Aston Martin Vanquish Version 2.0
|2013 Aston Martin Vanquish|
A long time ago (2001 to be precise) in a land far, far away (Gaydon, England, specifically), a man (by the name of Ian Callum) designed a car (the Vanquish) that changed the fate of a storied auto manufacturer (Aston Martin, to be exact) and forever influenced the direction of automotive design. In 2007, the Vanquish made way for its replacement, the DBS V12. But, now it’s back.
Yep. For 2013, Aston Martin has resurrected that most bad-ass of badges, Vanquish, as the follow-up to the DBS. The Vanquish mk2 was originally revealed as the AM310 concept a few weeks back. Since the original Vanquish debuted, Aston Martin has put out a lot of amazing and breathtaking cars inspired by Ian Callum’s design, the DB9, the V12 Vantage, the DBS Volante, the Virage, the Rapide and that pinnacle of beauty and performance, the $1.4 million One-77. Coming full circle, the inspireer has become the inspiree. The new Vanquish harvests some of the technology and design elements from the One-77, making it, perhaps, the most beautiful Aston Martin to date.
Let’s start with the body. And, what a body it is. The new Vanquish is of course a front engine, rear drive two door coupe. Much of the body is shaped from aluminum with magnesium alloy and carbon fiber thrown in for good measure. To light the road, the Vanquish has the now-ubiquitous bi-xenon headlamps and LED C-shaped taillights & side indicators.
As a sign of Aston Martin designs to come, the shape of the Vanquish has become very fluid. A curving organic line that begins at the headlight and continues through the door blends seamlessly into the flared and sculpted rear fenders and into an integrated rear spoiler, creating a car that just looks fast. A carbon fiber front spoiler and rear diffuser add to the overall feel of speed and grace.
|2013 Aston Martin Vanquish Interior|
The all-new interior is about what you would expect. The trim is all full-grain leather and Alcantara. The center console is clean and free of excessive buttons and knobs, unlike the Vanquish’s competitor, the Porsche 911. I’m not sure about the quilted front seats though. But they do add a bit of old school British to the thoroughly modern Vanquish. Like the old, Vanquish 2.0 comes in a two-seater or 2-plus-2 seating layout. Although, the rear seats are more accommodating to small dogs or briefcases as opposed to actual people. All the electronic bells and whistles expected of a $200K+ car are present and accounted for. I do really like the 1000 Watt Bang & Olufsen BeoSound 13 speaker stereo, and a Garmin satellite navigation system on a 6.5 inch screen means it will actually direct you where you’re going.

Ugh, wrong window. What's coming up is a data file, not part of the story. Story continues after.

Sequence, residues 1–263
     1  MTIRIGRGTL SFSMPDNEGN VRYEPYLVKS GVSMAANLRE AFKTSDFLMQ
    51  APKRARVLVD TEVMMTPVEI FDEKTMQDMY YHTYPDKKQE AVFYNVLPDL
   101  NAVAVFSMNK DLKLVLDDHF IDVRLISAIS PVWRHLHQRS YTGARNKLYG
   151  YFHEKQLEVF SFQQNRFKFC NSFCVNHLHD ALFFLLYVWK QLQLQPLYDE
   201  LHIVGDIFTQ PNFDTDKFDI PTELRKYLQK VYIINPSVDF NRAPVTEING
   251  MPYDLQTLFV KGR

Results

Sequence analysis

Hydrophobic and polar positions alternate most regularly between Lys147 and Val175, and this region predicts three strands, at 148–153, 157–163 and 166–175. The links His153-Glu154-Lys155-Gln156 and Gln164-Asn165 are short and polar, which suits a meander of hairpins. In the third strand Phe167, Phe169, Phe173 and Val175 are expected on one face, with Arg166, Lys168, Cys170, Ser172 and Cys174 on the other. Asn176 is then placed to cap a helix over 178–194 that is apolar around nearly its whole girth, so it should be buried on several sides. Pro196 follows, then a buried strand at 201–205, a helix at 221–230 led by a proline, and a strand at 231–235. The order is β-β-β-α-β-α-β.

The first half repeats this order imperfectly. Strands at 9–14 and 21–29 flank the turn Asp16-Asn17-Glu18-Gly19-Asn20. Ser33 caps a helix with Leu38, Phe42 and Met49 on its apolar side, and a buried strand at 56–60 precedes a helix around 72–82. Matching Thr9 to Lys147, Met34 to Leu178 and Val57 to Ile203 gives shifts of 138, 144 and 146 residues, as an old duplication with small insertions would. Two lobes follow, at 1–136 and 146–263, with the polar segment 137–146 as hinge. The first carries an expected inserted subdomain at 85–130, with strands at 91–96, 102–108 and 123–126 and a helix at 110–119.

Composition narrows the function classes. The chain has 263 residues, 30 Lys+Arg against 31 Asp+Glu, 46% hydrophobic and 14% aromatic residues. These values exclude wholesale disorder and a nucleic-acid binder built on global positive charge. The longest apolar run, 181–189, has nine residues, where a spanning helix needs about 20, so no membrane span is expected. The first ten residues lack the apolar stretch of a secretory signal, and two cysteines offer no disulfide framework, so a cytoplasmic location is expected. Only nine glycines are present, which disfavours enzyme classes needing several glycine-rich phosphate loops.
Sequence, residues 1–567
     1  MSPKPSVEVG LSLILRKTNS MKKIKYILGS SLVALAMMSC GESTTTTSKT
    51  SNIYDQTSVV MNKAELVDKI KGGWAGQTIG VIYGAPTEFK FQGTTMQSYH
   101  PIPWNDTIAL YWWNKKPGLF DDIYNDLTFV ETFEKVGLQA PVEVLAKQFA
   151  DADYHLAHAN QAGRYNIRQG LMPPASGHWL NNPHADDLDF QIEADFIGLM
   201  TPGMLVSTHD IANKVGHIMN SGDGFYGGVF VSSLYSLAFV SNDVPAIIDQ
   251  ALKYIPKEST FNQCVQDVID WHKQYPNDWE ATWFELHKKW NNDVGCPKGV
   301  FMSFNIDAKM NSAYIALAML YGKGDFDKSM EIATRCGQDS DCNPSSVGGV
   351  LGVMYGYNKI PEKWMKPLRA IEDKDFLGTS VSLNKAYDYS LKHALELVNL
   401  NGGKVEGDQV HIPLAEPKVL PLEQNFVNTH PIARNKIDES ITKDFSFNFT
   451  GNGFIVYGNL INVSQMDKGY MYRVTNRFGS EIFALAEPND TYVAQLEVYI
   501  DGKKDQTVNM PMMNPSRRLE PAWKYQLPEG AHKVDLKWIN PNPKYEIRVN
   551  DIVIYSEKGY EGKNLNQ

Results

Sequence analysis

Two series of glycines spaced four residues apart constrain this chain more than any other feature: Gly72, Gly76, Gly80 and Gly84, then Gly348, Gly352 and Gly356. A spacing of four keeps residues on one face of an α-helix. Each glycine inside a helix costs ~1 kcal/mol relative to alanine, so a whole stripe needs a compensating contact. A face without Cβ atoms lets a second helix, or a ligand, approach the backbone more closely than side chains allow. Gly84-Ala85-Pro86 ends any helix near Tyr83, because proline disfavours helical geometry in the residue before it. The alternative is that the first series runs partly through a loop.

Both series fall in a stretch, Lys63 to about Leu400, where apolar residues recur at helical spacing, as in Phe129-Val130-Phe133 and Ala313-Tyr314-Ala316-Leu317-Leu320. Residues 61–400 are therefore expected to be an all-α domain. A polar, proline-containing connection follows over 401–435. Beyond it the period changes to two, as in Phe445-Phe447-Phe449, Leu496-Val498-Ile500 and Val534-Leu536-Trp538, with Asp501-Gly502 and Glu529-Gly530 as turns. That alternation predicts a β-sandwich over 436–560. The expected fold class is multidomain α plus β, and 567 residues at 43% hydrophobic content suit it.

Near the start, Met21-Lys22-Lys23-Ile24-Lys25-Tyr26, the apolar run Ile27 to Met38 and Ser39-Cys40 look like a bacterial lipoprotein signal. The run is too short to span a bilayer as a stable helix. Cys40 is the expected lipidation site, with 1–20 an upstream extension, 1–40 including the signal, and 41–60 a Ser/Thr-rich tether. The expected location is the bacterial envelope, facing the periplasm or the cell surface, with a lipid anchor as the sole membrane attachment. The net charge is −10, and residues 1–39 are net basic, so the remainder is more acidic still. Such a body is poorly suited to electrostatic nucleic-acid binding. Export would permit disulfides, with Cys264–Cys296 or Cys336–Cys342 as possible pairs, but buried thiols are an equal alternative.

|2013 Aston Martin Vanquish 565 bhp 6 Liter V12|
None of the design, interior comfort or electric tomfoolery means a damn if the car can’t move. And, move the Vanquish does despite the fact that it’s grand-tourer and not a track car. The throaty, angry, all-alloy, 48-valve, 6 liter V12 puts out 565 bhp and grinds out 457 ft-lbs of torque at 5,500 rpm (not to mention sounds like Thor having a bad day). Add the included launch control, and that’s good enough to push Vanquish 2.0 to 62 mph from a standstill in 4.1 seconds and hit a top speed of 183 mph. However, the old Vanquish S could happily hit 204 mph and reach 60 mph in 4.0 seconds. Aston Martin isn’t one to take a step backwards. So, does this mean a Vanquish S 2.0 is in our future? Man, I hope so.
Putting the engine’s power to the ground through the Pirelli P Zero 305/30 ZR20 shod 20 inch rear wheels is a rear-mid mounted Touchtronic 2 automatic six-speed gear box and limited-slip diff. The original Vanquish’s gearbox was rough to say the least. The Touchtronic 2 made its debut on the DBS as a significant improvement. We’ll see how it pairs up with the new Vanquish.
|2013 Aston Martin Vanquish|
Keeping the front 20 inch wheels and Pirelli P Zero 255/35 ZR 20 tires on track is an independent double wishbone suspension with anti-dive geometry, coil springs, anti-roll bar and adaptive dampers. The same set-up is present on the rear with the change to anti-squat and anti-lift geometry. The Adaptive Damping System, or ADS, has three selectable suspension modes, Normal, Sport and Track.
With a 50/50 weight distribution, 85 percent of the new Vanquish’s weight resides within the wheelbase, but that weight needs to be brought to a stop from time to time. Handling that job are 398 mm vented carbon ceramic disc brakes with 6 piston calipers on the front and 360 mm vented carbon ceramic discs with 4 piston calipers on the rear. Of course, traction control, ABS, Electronic Brakeforce Distribution, Positive Torque Control and Emergence Brake Assist are all there to lend an electronic hand. (Heaven knows we wouldn’t want the driver to have to get involved too much.)
All in all, the Aston Martin Vanquish version 2.0 is a fitting successor to the DBS and a proud heir to the Vanquish badge. I’ve never really liked the Aston slogan of “Power, Beauty, Soul”, but in seeing this the new Vanquish, I get it.